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USCIS proposes new public charge rules: changes impact public benefits and the Form I-864 for adjustment applicants

This is an initial draft of an article that analyzes the proposed DHS rules on public charge that were announced this weekend. It’s a work in progress. Please share any constructive criticism using the comment function. This post will be…

Will the immigration officer know what I said to CBP – or – the case of the sandwich smuggler

I have a confession. Long before I was an immigration lawyer, before I was a judicial law clerk, before I had a law license… I was a smuggler. A smuggler of the worst type – a sandwich smuggler. But, before…

I am waiting for my adjustment of status to be approved but my temporary EAD is expiring – what should I do?

A lot of our clients are finding themselves in a frustrating situation. They filed an adjustment of status application (Form I-485) and were issued a 12-month temporary work authorization (EAD). So far, so good, except that the EAD is about…

Changes to USCIS “public charge” determinations and use of the Form I-864

USCIS is considering major changes to how it makes “public charge” determinations. The scope of these potential changes, while not yet official, is evident from drafts of federal regulations that were leaked in April 2018. Download draft rules U.S. law…

Step 3 – Adjustment of Status

Quick points: You need to get married and file your adjustment of status paperwork within 90 days of your fiancee’s arrival. Legal documents to be drafted: Form I-485, Form I-864, Form I-131, Form I-765. Expect between 4 months and two…

Step 2 – The consulate

Once your I-129F petition is approved by USCIS your case is heading off to the Department of State (DOS) and to U.S. consulate in your fiancee’s home country. In this section I’ll give a high-level overview of what this looks…

Step 1 – The I-129F petition

Congratulations! You’ve carefully assessed every eligibility requirements and grounds of inadmissibility and decided that you should proceed with a fiance visa. (You did do that, right? If not, please jump back to the previous section.). Now it’s time to do…

Other grounds of inadmissibility

The grounds of inadmissibility discussed in the previous sections account for the majority of problems that immigration lawyers encounter. But you definitely should not ignore the less common grounds of admissibility, which are listed here. Review the list and determine…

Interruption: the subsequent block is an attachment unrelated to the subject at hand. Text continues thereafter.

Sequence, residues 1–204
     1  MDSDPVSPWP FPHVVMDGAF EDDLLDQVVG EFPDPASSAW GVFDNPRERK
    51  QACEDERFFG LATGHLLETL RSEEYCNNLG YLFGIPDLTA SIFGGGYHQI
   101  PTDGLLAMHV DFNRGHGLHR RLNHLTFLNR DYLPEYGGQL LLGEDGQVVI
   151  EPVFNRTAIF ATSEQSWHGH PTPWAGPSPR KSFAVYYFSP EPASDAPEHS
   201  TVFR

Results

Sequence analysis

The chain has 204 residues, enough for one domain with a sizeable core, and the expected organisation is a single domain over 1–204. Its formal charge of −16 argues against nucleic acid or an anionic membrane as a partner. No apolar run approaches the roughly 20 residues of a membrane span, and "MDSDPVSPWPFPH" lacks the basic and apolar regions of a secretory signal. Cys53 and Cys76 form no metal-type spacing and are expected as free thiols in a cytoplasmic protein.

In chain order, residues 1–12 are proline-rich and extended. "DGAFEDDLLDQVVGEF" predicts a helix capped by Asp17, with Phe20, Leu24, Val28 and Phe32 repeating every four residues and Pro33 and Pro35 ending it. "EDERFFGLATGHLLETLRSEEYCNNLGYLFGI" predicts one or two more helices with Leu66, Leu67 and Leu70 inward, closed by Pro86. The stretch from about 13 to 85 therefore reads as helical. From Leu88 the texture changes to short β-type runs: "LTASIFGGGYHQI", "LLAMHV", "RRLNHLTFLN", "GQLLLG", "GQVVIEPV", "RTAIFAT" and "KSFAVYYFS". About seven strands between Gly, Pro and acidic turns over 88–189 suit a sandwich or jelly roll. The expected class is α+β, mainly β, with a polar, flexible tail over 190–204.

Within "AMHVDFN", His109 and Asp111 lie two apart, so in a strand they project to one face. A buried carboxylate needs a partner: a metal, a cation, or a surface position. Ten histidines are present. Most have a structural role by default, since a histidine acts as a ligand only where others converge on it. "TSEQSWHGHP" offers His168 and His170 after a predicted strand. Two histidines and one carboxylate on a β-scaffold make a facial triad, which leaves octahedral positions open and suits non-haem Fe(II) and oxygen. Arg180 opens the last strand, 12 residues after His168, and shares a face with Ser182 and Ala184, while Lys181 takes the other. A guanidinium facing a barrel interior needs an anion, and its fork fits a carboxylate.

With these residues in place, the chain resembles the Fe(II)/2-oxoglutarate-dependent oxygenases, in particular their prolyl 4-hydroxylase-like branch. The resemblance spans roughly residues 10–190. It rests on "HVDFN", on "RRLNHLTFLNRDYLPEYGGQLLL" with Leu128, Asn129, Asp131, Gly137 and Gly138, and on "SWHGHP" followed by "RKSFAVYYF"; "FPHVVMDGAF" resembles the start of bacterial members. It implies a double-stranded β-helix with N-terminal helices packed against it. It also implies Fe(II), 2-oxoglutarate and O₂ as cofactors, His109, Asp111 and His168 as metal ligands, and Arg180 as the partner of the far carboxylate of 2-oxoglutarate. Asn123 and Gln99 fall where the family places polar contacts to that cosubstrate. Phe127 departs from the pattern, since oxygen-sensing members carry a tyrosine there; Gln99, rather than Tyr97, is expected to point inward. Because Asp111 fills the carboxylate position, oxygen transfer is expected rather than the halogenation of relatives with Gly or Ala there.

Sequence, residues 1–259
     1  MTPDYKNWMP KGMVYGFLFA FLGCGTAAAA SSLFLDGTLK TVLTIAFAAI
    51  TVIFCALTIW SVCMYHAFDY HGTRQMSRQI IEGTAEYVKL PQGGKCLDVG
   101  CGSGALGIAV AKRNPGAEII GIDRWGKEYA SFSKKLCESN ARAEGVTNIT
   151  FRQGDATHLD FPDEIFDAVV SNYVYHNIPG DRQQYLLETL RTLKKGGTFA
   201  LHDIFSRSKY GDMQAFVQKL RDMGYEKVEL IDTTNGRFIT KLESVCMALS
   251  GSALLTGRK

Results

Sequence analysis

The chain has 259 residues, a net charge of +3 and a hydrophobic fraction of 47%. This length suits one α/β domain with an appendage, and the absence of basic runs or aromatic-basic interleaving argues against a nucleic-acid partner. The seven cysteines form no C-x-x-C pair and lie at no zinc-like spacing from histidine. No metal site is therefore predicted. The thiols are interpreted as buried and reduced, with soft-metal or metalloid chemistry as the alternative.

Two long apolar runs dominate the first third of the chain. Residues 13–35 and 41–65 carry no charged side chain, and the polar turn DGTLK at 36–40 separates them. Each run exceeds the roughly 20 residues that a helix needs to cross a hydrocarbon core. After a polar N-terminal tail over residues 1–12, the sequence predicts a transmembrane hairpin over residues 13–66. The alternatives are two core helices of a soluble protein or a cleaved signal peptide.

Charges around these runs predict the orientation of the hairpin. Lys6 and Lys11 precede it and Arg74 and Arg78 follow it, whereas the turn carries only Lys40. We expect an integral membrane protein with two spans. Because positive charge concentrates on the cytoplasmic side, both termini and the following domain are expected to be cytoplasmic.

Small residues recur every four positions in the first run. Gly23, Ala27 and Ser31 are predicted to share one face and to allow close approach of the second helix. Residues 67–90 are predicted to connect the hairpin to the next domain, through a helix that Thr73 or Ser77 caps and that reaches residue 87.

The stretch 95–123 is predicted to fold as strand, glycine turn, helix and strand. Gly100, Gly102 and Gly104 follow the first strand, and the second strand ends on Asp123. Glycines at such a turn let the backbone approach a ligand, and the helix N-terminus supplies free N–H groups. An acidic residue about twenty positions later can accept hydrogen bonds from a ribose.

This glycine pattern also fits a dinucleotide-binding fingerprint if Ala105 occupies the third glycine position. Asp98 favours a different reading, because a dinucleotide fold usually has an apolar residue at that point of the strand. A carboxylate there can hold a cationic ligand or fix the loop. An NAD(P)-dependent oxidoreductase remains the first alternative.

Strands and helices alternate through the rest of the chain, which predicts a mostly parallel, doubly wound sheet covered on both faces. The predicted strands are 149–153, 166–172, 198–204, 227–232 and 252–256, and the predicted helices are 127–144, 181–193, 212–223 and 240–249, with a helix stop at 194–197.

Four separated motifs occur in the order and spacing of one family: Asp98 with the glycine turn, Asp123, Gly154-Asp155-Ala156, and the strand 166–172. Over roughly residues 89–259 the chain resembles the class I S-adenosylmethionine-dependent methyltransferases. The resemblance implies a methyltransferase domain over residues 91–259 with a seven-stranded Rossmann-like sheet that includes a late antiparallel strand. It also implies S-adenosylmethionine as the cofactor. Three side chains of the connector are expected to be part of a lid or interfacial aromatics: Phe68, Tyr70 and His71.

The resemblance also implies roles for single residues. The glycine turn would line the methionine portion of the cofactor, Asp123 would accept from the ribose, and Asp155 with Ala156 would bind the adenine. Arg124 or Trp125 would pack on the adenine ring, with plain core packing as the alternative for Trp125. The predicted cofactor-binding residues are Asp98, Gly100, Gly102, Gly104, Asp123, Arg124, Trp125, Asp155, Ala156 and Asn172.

False claim to U.S. citizenship ground of inadmissibility

INA §212(a)(6)(C)(ii), 8 U.S.C. §1182(a)(6)(C)(ii) A person who has falsely claimed to be a United States citizen is potentially inadmissible. In practice, this rule often creates problems for individuals who have long been present in the United States without documentation.…

Fraud and material misrepresentation

INA §212(a)(6)(C)(i), 8 U.S.C. §1182(a)(6)(C)(i) One of the top priorities for all immigration agencies is identifying people who are intentionally abusing the US immigration system. Issues of fraud are taken as seriously as any other criminal matter. An individual is…

How to use this resource

It’s not going to be much fun to sit down and read through this entire resource and I don’t recommend you do so. Not surprisingly, I’ve presented the sections in the order that they’ll be most useful to you. Presumably,…

How is this resource different?

There are a plenty of guides to the marriage and fiancee immigration process. Why would we decide to write another one, and why should you read it? 1. Written by a practicing immigration lawyer. I run an immigration law firm…

This Post Has 2 Comments
  1. I entered the US on 10/2015 on an ESTA visa, I left US on 5/2018(overstayed my visit), I got married last year. We never petition for adjustment of status. What can I do from from country, Chile to go back? My son and wife are in the US she is a US citizen. I had a family emergency and needed to leave. TIA. Hope you can help.

    1. Albert, unfortunately you will need an I-601 hardship waiver to re-enter the U.S., based on what you have said. But overstaying more than one year you are subject to a 10-year bar on reentry. Overcoming that requires a special pardon based on hardship to your family.

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